Saturday, January 2, 2010

Circa 1920 French Handsewn Gown

Well the "car dress" is finished. This is the gown that I have shown progress reports on here and here and here. This gown is stitched entirely by hand. As always click on the photos to enlarge them.

Seams, entredeux, buttonholes, etc. All by hand. A hand project like this travels well. And since I drove to so many destinations since September, it was quite convenient. The pattern is by Jeannie Baumeister of The Old Fashioned Baby. It was the class I took at this year's SAGA convention held in Atlanta. This gown was featured in an old Creative Needle magazine but the pattern had never been printed. I don't know if Jeannie plans to publish this one as part of her pattern line or not.

The ruffle for the hem is gathered with snail shirring. I enjoy the look of it, but wasn't wild about the process. I really do like the look of it though with the wider entredeux.

 Another challenge with this gown is that the yoke is inset into the gown front. So there are no seams to set the yoke into. Here is an advantage to doing this by hand. I think you have way more control of what happens to the pieces as you stitch them together when you are doing it by hand than by machine.

I did run into a small tragedy when I thought the gown was finished. I inadvertently left a needle in the gown when I left it soaking in the sink to remove the blue marks. Imagine my distress when I discovered the rust spots left behind. Who knew that a needle could rust in less than 24 hours? In the photo above you can see the shadow left by one of the rust spots. I posted my dilemma on a Delphi forum and received many hints. A friend posted this link about rust removal. I have gotten most of the rust out using vinegar. I will try it again to get the rest out.

Initially I thought that there were only three little spots on the back next to the placket so I did some additional embroidery there to cover it up. The trick with doing a fix like that is, you have to do embroidery on the other side of the placket to make it look like it was meant to be there. I hadn't discovered the vinegar solution at that point.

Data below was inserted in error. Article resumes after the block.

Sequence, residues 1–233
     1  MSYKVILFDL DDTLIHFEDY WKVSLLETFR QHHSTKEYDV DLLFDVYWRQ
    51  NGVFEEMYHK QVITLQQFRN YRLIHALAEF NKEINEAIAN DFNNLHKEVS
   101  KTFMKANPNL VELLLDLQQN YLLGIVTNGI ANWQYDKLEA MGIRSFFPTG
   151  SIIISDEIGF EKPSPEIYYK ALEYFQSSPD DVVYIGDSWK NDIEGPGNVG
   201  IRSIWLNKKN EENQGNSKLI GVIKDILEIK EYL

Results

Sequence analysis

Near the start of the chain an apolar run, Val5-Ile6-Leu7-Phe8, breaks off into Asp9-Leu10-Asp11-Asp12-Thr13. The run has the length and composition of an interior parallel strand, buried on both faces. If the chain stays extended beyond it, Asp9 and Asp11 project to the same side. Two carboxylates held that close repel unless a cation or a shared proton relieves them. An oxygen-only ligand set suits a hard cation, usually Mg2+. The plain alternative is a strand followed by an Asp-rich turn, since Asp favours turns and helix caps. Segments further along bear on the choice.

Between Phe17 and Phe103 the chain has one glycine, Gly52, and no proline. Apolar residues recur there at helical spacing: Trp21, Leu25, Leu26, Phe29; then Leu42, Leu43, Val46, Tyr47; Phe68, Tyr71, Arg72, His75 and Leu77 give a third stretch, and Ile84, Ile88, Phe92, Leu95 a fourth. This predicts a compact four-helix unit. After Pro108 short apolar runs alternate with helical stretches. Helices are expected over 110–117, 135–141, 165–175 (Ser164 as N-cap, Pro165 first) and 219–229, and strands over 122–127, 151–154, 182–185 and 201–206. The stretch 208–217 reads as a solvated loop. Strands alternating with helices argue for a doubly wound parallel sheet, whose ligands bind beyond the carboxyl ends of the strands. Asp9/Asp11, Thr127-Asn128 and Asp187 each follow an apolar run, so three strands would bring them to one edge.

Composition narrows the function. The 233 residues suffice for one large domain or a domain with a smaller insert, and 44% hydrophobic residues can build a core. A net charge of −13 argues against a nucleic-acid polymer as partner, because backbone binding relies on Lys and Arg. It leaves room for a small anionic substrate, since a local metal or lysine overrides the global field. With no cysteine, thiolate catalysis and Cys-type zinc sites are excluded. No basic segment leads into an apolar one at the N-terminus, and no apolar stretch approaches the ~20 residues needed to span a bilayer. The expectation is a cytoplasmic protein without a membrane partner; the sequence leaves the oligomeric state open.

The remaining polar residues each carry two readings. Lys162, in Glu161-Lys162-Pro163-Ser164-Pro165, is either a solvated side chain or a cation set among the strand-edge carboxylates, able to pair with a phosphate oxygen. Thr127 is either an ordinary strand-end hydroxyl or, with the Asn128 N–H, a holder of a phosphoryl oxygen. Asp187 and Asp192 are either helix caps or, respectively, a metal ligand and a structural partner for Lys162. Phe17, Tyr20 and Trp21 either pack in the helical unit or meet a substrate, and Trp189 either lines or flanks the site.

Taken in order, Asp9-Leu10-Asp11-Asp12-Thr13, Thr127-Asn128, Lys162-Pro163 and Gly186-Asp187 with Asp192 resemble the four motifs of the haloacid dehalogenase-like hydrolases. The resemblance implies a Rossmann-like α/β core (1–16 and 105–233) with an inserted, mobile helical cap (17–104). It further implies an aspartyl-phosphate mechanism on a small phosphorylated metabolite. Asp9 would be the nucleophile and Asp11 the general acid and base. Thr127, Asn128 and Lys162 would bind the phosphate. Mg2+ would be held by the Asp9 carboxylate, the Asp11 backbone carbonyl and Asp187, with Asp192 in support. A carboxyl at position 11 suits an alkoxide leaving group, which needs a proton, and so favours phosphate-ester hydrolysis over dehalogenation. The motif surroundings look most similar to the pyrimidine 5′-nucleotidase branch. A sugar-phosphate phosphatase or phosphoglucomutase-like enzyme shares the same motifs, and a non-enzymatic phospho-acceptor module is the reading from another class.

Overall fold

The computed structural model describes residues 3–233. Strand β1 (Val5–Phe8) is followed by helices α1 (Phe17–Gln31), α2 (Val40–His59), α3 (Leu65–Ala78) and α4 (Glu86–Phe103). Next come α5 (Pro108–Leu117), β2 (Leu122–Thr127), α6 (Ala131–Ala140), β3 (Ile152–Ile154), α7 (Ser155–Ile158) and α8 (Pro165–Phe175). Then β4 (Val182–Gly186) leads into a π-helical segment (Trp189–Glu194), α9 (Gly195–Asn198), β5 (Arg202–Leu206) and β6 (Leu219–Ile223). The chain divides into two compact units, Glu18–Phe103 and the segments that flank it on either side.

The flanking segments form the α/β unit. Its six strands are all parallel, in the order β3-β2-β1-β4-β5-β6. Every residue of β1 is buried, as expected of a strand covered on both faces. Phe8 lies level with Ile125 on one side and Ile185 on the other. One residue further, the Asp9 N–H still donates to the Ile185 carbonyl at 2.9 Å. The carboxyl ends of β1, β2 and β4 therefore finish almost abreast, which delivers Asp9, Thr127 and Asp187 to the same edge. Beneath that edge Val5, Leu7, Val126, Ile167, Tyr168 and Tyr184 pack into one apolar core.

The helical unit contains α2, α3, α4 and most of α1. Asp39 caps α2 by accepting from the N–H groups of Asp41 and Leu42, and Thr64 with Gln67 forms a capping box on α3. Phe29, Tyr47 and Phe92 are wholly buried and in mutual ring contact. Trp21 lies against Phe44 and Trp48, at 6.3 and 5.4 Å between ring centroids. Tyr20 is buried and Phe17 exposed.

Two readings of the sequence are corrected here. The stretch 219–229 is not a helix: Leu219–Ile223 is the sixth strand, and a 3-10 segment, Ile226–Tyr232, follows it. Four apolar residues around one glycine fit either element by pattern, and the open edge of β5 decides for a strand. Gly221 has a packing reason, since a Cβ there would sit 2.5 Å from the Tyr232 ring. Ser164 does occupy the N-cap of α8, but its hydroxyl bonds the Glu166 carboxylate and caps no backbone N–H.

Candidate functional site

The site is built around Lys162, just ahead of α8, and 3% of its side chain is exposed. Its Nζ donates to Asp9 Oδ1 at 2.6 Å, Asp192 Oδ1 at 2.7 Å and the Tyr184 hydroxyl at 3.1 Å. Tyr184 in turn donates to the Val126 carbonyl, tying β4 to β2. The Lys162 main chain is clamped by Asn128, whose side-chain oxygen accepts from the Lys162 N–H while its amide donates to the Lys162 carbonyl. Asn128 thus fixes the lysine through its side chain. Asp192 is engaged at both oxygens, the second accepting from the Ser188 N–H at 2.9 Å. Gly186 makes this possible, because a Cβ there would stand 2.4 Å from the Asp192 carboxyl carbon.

All in all I really love this little gown. I need to make a slip for it. The Vintage T-Yoke gown needs a slip as well. I think I will do one that can be used for both. Which means that both gowns will have to go to the same recipient for that to work. Also have to check that they are close in length. Jeannie has done a couple of blog posts about slips over at the Old Fashioned Baby Sewing Room and is in the process of doing some lessons on a Gertrude baby slip.

I hope you enjoyed seeing the finished car dress. I think it will forever be remembered as such.


  1. Martha, It is absolutely beautiful! Your dress is wonderful. Please email me your address and I will happily put your Certificate of Accomplishment in the mail!
    Job Well Done!!

  2. Thank you! You know me I love to win!

  3. Oh Martha, the dress is just so gorgeous! I love all the lovely details. I would so love to go to one of Jeannie's classes someday. I am, sadly, on the wrong side of the country for that.
    But I love her blog and patterns too.

  4. Thanks Sivje, SAGA convention is coming back to the west coast in 2011 I believe. So be on the lookout.

  5. Well done, Martha!! The gown is gorgeous! :)

  6. What an absolutely gorgeous dress! I am sure that you will get the remaining rust out. There is something on the market called Wink that I used years ago for the same problem. Again, gorgeous!

  7. That is just beautiful Martha!
    As are all of the things that Jeannie does. IMHO, this should definitely go into your grandmother's hope chest, but then I would NEVER do a whole dress by hand myself. Love the snail gathering. Think about all the time it took to do just that. Have I convinced you yet? LOL?

  8. Ditto on all of the above comments. But you know what else I noticed. It's pressed so darn well! I am being serious.

  9. The gown and the bonnet are magnificent. Your embroidery is just beautiful. The answer to your question, what am I working on is: I'm finishing a quilt that I started a few months ago. I have a photo of the central block on my blog if you care to see it and will post again when the quilt is complete, hopefully by tomorrow. Gita

  10. I need help. Over 30 years ago, I made my daughter a french handsewn heirloom dress (size 4). She now has a 5 month old and wants her baby christened in the same dress. How can I alter it without totally remaking, which I know I am unable to do. Any suggestions at all would be appreciated. Thanks. Cheri

    1. Cheri, I hope you see this here since I don't have an email address. I would use the skirt of the dress as the skirt of the gown. You will have to detach it from the bodice. The depending on the style of the bodice you could recut a bodice from the larger sized bodice. I would cut infant sized sleeves from the size 4 sleeves. I hope this helps. Email me if you have further questions.


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